Finding strength in adversity

Alifah Zainuddin


MALAYSIA marked its Merdeka Day this year in an unusually sombre mood as an extended restriction on movement and the emergence of new coronavirus clusters caused many Malaysians to pull back from their usual celebrations.

Fireworks shows were cancelled and the national day parade was called off, voiding the celebration of joyful colours and public displays of civic pride.

Many Malaysians celebrated Merdeka Day where they have been for months — at home.

Some had hoped the holiday would put the flags out that the worst of the pandemic had passed, but the rise of new clusters proved that the battle was far from over. Daily infections spiked to its highest in two weeks on the eve of celebrations, prompting the government to continue with controlled movement restrictions until Dec 31 and toughen penalties for flouting confinement orders.

Hundreds of thousands, if not millions, have either lost their jobs or seen cuts to their income, as lockdown measures on businesses and households saw Malaysia’s economy shrank 17.1% in the second quarter, the country’s worst showing in over two decades.

2020 was also supposed to be the year the country achieved developed status, but the target has since been delayed to 2025, one might add, in the true spirit of the nation’s relaxed approach to time.

Democracy too is in shambles after a political coup in February forced a new government to take shape in a form that continues to transmogrify. History was made when former Prime Minister Datuk Seri Mohd Najib Razak became the country’s first leader to be convicted of graft in July.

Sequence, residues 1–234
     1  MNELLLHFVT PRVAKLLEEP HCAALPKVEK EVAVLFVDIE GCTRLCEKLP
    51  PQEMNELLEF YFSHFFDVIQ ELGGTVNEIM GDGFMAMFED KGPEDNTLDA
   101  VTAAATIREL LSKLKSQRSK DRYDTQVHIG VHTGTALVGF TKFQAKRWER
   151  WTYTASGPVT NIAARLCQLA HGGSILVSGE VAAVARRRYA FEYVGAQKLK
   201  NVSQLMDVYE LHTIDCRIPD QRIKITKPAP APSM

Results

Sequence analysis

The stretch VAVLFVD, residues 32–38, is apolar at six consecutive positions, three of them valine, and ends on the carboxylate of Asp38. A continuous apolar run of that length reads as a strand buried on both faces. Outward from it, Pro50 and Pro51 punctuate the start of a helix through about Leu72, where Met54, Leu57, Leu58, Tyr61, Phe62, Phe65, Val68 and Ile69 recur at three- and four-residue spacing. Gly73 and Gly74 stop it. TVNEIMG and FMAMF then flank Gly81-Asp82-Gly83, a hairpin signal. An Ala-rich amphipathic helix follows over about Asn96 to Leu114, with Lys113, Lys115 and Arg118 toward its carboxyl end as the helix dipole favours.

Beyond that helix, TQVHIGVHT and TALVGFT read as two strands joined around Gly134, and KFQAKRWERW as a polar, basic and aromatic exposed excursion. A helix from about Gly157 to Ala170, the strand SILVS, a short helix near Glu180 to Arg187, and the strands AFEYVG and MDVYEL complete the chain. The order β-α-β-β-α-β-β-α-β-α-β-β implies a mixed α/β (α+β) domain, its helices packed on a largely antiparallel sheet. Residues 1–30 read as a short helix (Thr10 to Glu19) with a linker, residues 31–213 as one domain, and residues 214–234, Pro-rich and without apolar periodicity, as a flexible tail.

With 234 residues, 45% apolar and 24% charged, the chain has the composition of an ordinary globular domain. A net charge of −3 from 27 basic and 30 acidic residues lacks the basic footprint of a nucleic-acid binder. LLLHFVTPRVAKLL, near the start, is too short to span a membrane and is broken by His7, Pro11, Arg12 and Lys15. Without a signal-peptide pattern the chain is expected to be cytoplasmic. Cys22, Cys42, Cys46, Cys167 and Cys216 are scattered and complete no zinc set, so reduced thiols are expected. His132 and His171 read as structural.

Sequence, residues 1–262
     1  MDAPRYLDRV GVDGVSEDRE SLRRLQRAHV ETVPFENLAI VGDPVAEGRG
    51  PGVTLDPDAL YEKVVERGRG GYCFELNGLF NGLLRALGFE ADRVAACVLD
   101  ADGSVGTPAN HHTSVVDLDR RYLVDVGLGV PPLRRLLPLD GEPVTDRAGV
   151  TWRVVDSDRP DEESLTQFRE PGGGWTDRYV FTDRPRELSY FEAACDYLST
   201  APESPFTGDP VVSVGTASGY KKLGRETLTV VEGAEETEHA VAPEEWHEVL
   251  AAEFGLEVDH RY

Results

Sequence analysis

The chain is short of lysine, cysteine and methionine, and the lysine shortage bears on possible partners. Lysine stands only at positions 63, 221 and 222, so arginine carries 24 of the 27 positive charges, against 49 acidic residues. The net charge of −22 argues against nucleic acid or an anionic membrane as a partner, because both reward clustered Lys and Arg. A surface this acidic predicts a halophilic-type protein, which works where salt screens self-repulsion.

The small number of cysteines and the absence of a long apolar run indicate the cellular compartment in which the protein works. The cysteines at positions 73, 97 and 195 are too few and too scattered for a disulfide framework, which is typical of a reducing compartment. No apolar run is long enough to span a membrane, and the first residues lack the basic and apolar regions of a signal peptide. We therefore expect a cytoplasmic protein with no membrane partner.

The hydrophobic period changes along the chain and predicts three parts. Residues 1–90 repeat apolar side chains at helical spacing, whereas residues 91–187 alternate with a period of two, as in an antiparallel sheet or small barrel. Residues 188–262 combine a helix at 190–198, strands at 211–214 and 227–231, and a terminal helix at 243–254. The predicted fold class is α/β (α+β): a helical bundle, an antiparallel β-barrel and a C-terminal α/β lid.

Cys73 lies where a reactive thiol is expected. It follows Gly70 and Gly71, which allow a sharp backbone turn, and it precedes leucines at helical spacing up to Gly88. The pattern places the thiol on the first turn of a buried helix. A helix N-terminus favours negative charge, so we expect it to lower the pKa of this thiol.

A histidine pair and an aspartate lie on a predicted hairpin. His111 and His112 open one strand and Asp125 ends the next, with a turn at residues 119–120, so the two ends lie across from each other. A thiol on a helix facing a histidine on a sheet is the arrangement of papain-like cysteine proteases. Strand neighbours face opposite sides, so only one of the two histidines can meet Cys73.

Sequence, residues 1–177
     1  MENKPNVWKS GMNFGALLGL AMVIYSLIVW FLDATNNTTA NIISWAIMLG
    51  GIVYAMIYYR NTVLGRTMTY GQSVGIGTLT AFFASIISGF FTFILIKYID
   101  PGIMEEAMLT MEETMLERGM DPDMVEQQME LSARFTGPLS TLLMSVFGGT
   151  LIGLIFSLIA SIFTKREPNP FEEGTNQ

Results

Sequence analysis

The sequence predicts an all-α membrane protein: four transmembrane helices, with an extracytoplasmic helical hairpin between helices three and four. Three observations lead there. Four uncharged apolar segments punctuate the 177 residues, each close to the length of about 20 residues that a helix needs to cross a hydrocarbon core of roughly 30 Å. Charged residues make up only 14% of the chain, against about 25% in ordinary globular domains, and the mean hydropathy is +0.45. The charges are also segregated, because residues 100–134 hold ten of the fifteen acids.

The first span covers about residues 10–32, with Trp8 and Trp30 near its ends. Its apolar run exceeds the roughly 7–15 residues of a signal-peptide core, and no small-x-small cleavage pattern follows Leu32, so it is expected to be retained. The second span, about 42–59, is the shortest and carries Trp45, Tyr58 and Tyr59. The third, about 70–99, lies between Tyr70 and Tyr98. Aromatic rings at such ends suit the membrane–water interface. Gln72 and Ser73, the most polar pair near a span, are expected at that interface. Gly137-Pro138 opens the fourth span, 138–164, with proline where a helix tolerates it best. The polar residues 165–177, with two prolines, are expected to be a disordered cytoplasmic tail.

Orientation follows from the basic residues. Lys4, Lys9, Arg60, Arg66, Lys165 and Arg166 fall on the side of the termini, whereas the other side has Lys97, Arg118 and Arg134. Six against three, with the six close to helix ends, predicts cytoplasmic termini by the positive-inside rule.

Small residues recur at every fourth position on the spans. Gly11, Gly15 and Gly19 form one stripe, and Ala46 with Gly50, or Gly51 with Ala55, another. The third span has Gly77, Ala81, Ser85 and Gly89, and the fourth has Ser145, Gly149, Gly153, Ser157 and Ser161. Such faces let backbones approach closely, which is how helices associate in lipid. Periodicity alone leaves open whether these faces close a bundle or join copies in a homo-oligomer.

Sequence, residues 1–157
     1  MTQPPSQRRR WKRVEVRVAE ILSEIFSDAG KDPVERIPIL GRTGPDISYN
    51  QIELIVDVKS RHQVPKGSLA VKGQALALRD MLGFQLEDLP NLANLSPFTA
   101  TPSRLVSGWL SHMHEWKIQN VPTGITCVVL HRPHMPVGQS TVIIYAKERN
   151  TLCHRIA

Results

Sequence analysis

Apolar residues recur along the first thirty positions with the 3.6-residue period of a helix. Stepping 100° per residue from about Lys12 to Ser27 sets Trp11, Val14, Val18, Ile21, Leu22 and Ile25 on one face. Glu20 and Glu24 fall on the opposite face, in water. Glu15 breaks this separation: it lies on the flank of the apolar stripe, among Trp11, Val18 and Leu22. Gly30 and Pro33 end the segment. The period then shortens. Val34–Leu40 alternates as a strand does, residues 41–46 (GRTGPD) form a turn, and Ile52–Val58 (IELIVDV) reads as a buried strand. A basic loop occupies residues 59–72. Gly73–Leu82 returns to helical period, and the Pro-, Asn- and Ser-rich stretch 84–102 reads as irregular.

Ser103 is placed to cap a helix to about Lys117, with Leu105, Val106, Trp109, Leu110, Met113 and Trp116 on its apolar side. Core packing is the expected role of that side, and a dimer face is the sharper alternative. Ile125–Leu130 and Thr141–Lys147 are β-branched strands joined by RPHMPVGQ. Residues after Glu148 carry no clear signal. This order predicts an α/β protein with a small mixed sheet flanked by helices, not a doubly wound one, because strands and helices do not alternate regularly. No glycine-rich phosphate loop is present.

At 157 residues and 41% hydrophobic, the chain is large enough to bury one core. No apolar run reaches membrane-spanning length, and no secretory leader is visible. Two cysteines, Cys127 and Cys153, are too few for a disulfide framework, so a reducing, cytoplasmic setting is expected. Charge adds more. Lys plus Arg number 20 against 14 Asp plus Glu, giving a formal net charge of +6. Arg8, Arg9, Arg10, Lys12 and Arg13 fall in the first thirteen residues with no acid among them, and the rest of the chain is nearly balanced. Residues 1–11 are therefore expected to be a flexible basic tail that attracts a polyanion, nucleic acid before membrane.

If 1957 served as a milestone for independence, 2020 certainly sets the milestone for adversity. Amid the chaos, however, there is truth to be found and that the nation’s strength is often overlooked.

At a time when morality is scarce, that strength today is kindness. The #KitaJagaKita movement has borne witness that the Merdeka spirit is well and alive albeit in small pockets of society. No matter how divided the society is, there are always efforts to keep Malaysians united and organised.

Whether it’s a nine-year-old using her time off from school to sew protective gears for medical workers in Kuala Pilah, Negri Sembilan, or a couple working to distribute vegetables bought from farmers to rural folks in Kg Baru, Pahang, Malaysians are holding themselves accountable for their own communities and are showing strength in unity.

Whether they realise it or not, these are the people who are responding to Tunku Abdul Rahman’s call for service: To work and strive with hand and brain to create a new nation, inspired by the ideals of justice and liberty — a beacon of light in a disturbed and distracted world.

The story of independence has always been a tale of perseverance, about how victory is not granted so easily. Success lies in a nation’s strength to persist against all odds to achieve what it sets out to do.

“Let no one think we have reached the end of the road: Independence is indeed a milestone, but it is only the threshold to high endeavour — the creation of a new and sovereign state.”

Alifah Zainuddin is a writer at The Malaysian Reserve.